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Glyphosate-Resistant Johnsongrass Has Been Confirmed In A Northern Province In Argentina

No cases of glyphosate-resistant johnsongrass here in the U.S.

According to industry groups in Argentina, glyphosate is failing to control Johnsongrass in the northern region of the country.

Johnsongrass is a perennial grass native of Southern Eurasia. It reproduces from seeds and from thick scaly underground rhizomes and may reach a height of 1.5 meter tall. It was brought into Argentina as a forage and due to its excellent adaptation to the environment, it was transformed into a weed nationwide.

Private follow-up of the case began in 2004 after a grower from the Province of Salta submitted an inquiry to Monsanto on failure to control Johnsongrass using glyphosate. Monsanto has been investigating the case since that time. The studied area has nearly 63 km. from north to south and nearly 35 km. from east to west, taking Campichuelo as the south end and Tartagal as the north end. A preliminary assessment of the affected area determines a range from 7,000 to 10,000 hectares.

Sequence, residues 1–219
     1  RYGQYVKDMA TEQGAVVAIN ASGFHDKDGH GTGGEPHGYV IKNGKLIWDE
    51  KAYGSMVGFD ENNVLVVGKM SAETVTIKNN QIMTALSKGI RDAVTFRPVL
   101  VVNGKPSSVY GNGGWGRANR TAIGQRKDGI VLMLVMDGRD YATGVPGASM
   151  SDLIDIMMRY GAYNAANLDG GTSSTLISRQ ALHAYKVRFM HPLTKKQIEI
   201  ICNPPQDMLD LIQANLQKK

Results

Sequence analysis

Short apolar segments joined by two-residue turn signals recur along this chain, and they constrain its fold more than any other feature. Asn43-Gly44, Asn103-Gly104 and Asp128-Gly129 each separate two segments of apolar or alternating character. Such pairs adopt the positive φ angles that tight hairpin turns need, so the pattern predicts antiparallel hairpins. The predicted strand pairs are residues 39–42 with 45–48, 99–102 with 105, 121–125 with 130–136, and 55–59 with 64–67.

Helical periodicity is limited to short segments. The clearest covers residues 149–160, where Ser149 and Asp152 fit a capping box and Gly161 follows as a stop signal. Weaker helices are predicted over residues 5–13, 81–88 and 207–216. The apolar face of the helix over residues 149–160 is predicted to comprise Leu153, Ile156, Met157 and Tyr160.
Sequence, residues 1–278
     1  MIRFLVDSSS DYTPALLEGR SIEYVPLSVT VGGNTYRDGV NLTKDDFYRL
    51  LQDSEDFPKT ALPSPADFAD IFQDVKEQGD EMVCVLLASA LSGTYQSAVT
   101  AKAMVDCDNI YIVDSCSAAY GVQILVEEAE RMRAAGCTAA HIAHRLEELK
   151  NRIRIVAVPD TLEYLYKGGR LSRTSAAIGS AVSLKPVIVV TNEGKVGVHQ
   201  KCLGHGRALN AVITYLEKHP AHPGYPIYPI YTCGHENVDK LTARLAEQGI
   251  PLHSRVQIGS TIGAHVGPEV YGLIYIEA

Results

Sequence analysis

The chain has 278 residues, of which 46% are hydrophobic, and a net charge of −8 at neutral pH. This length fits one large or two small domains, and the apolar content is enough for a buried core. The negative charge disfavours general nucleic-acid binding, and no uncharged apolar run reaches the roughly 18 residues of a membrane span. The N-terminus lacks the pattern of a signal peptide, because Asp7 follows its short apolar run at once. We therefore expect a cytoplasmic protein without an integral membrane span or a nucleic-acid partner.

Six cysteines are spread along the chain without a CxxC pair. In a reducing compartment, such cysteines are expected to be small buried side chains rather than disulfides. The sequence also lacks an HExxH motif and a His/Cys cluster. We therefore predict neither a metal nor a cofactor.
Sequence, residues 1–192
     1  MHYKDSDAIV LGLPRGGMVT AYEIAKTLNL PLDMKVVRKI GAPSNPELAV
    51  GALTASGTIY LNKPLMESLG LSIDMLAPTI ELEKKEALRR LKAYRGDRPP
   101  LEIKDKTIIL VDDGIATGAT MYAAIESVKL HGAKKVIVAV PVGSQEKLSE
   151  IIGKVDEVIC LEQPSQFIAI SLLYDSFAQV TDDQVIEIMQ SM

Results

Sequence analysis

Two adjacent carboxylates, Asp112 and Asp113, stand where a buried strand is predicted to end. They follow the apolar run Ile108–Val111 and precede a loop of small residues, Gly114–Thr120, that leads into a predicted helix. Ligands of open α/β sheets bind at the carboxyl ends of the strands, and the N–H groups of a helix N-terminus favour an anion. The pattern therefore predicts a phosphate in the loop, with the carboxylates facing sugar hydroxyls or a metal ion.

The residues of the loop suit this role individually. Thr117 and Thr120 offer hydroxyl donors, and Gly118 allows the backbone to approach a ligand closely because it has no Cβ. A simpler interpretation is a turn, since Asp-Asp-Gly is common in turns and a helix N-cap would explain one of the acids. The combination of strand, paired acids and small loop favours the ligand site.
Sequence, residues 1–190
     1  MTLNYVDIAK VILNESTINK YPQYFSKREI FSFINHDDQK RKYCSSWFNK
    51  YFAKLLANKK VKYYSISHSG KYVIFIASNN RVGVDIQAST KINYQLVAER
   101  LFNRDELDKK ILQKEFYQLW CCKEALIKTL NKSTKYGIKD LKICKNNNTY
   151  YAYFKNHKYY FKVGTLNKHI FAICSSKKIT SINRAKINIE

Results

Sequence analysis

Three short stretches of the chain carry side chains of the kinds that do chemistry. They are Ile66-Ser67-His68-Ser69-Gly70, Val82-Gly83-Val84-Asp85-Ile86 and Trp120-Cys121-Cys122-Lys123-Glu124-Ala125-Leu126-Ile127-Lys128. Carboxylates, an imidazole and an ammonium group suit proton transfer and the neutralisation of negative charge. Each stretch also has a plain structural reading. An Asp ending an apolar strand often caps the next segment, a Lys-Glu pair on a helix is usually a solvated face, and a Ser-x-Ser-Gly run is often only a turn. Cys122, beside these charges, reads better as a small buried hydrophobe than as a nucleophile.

Trials were conducted, both field and greenhouse trials, confirming failure to control Johnsongrass using glyphosate at the label rate.

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